I agree that no they shouldn’t be isolated. My son is (11 yrs old)high functioning autism too but he is now in a special school with kids just like him. He is doing much better because it is a smaller classroom. approx 12 kids and 1 special ed teacher and 2-3 other people in the room to help out. He even made a really good friend there but he live 45 minutes away and it is hard to get togher. I had to fight hard to get him out of his old school because the kept saying the Least Restrictive environment. I hated that word. I said my SON ISNT learning a thing at this school. Anyway he is now learning, his self esteem is WAY up and he is doing awesome.
        Only you know your son the best and the schools should really listen to the parents way more then they do now. Good luck and fight if you have to!!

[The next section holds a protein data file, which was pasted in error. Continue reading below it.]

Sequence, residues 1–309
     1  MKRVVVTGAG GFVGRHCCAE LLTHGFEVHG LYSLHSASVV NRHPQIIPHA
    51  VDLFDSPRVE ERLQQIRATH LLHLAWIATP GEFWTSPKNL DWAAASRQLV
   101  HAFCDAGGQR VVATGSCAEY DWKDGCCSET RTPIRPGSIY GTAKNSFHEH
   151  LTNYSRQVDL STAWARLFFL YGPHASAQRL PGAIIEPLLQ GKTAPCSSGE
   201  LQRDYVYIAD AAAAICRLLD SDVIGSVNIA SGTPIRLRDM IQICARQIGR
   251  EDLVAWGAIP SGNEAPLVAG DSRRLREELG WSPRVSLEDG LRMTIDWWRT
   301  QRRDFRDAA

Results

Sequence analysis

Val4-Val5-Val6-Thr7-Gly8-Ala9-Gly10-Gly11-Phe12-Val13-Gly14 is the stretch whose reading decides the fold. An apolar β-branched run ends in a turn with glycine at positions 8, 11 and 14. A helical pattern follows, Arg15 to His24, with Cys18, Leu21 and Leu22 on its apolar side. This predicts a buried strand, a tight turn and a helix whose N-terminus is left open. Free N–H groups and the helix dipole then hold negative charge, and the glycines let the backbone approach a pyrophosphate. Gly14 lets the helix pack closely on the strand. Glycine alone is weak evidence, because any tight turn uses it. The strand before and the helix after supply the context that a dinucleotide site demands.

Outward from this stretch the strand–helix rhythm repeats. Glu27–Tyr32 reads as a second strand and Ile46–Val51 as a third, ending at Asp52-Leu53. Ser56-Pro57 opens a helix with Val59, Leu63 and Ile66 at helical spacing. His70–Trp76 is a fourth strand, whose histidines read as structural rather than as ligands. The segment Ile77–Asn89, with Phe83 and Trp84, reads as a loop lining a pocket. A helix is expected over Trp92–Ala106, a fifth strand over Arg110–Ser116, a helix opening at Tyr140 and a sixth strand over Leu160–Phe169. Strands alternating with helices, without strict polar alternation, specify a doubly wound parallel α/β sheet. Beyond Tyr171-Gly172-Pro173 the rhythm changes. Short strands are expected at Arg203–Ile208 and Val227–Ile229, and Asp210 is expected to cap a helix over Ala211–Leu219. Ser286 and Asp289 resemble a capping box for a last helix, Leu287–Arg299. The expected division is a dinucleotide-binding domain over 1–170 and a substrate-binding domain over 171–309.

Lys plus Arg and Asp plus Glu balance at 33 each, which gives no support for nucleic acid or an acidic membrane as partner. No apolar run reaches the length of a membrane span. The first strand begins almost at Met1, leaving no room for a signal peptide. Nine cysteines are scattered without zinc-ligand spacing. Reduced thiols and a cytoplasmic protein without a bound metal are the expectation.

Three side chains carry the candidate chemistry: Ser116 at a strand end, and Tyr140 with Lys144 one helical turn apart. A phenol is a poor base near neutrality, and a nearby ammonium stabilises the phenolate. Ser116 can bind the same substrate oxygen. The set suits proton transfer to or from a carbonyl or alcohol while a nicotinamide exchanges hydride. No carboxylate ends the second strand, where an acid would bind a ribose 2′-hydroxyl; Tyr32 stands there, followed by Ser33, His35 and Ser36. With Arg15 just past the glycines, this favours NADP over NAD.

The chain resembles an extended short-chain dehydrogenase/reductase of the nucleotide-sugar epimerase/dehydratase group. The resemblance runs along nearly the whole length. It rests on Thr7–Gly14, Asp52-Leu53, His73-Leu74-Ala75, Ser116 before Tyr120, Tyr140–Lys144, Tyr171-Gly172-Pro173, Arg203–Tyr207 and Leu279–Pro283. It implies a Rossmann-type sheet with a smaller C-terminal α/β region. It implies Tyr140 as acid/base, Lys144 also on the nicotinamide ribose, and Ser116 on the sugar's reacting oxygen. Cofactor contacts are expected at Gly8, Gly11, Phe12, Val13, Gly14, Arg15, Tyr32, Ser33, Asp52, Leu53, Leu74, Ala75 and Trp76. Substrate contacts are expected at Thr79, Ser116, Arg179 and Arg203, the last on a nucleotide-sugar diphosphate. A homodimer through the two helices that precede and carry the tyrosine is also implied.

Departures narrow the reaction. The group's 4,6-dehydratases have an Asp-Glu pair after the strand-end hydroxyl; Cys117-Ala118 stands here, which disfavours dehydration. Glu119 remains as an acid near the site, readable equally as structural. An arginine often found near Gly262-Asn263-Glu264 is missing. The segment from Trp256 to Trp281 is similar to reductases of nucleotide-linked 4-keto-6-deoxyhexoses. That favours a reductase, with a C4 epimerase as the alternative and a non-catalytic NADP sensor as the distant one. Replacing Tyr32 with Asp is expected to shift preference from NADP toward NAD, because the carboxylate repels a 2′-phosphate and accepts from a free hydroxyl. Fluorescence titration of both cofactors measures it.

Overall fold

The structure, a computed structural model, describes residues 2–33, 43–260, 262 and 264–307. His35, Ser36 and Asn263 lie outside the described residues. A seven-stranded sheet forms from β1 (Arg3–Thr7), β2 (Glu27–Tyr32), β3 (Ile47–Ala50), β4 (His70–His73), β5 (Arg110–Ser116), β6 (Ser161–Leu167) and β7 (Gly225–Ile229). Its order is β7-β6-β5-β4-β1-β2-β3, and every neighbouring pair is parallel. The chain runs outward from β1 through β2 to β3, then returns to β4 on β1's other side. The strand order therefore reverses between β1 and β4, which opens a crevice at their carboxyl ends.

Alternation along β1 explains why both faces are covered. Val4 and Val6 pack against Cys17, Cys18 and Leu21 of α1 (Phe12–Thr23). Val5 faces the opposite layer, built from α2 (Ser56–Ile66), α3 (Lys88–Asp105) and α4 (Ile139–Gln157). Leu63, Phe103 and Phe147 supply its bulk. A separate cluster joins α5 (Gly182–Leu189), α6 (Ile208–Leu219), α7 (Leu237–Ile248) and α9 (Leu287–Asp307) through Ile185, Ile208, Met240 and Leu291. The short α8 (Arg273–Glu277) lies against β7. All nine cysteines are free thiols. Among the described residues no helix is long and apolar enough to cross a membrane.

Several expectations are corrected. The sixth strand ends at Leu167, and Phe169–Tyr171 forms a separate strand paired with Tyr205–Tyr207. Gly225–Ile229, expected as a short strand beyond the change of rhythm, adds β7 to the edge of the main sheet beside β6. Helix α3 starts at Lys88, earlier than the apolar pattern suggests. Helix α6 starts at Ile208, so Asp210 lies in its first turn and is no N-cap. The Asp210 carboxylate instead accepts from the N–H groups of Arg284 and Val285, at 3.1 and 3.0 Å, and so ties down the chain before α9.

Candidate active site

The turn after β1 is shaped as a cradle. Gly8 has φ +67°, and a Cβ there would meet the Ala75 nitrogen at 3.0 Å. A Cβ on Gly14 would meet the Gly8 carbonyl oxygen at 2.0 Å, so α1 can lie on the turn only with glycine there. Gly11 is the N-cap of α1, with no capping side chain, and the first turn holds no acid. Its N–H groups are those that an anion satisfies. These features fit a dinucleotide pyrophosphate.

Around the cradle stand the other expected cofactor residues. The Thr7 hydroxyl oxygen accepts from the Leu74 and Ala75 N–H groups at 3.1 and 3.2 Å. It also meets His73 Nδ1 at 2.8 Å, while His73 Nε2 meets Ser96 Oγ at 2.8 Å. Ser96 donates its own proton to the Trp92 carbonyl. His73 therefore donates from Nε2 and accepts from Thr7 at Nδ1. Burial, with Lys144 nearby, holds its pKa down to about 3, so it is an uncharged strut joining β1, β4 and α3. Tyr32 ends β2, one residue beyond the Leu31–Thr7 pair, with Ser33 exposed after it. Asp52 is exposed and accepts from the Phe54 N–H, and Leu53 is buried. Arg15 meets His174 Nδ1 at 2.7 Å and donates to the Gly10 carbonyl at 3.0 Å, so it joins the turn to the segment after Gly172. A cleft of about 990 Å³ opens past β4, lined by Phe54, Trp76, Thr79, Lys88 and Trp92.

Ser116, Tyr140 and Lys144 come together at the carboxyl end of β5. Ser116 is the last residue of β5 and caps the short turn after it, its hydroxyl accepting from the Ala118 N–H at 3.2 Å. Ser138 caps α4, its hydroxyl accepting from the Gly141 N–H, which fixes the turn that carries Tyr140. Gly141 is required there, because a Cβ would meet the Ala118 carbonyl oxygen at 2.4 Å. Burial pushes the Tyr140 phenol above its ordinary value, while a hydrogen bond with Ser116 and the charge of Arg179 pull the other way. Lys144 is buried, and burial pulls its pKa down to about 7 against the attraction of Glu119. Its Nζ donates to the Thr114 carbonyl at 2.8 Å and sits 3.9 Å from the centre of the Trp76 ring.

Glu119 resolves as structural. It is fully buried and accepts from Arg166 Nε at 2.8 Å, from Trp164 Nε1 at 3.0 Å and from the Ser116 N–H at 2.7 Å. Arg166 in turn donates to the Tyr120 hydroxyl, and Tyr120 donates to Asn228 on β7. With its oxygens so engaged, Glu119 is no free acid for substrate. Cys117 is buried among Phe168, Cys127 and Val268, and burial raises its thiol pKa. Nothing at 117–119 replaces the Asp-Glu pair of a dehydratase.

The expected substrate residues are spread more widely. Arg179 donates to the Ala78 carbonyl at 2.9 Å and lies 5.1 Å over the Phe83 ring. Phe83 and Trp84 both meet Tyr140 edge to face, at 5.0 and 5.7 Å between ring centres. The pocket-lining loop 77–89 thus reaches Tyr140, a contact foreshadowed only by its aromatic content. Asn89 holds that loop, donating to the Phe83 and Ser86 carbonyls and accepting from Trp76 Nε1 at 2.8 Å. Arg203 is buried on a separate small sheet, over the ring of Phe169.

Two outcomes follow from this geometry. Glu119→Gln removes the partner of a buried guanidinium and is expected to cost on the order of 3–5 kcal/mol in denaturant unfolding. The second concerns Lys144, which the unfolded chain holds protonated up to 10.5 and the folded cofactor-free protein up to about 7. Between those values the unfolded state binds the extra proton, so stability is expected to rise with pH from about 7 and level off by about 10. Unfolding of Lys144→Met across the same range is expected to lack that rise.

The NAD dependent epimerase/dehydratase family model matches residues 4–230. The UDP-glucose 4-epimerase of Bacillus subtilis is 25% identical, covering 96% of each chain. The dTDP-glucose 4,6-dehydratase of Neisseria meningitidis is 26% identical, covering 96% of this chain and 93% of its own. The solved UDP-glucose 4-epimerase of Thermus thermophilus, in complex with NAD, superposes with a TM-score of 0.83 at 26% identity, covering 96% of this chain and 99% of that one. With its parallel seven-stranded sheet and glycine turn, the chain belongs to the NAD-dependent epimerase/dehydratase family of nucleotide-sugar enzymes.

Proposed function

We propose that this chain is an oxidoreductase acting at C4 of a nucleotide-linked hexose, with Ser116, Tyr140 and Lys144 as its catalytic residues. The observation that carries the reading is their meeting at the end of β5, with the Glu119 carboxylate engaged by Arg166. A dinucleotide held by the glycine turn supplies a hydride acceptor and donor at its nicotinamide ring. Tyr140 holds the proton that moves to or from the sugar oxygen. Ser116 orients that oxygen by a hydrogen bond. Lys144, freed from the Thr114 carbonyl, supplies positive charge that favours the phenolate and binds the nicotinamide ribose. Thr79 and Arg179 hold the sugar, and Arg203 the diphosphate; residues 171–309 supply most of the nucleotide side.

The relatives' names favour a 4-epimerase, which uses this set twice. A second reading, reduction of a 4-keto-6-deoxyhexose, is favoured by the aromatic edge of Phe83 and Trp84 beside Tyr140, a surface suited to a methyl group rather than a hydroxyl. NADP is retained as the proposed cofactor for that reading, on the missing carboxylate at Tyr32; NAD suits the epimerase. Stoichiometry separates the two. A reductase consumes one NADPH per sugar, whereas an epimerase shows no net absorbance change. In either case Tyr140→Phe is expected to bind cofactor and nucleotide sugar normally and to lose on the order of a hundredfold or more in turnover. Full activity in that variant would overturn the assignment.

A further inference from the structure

3. Helen
    August 1, 2011 at 4:10 pm

    My daughter and I put together a little trifold “getting to know ___(Me)__” brochure for the teachers and other staff members which she would give them on meet the teacher days before school started. This included a short intro, things she liked and didn’t like, what strategies worked and didn’t work in the classroom.” As she grew older, she put together the entire thing on her own. It was a short and sweet introduction and the teachers seemed to take it to heart more because it came from her heart. Teachers would also include it with their substitute lesson plans so subs would be aware of her needs as well.

    • Carol
      August 5, 2011 at 12:34 pm

      We do the same thing at my church so that parents that do want to share their childrens disabilities or issues in the classroom setting can in a simple description of likes/dislikes/medication etc. Some share, some don’t, but I have found that letting the staff know what their triggers are really helps in communication. We also have a special needs committee at my church and will designate a “buddy” for a child that needs special attention.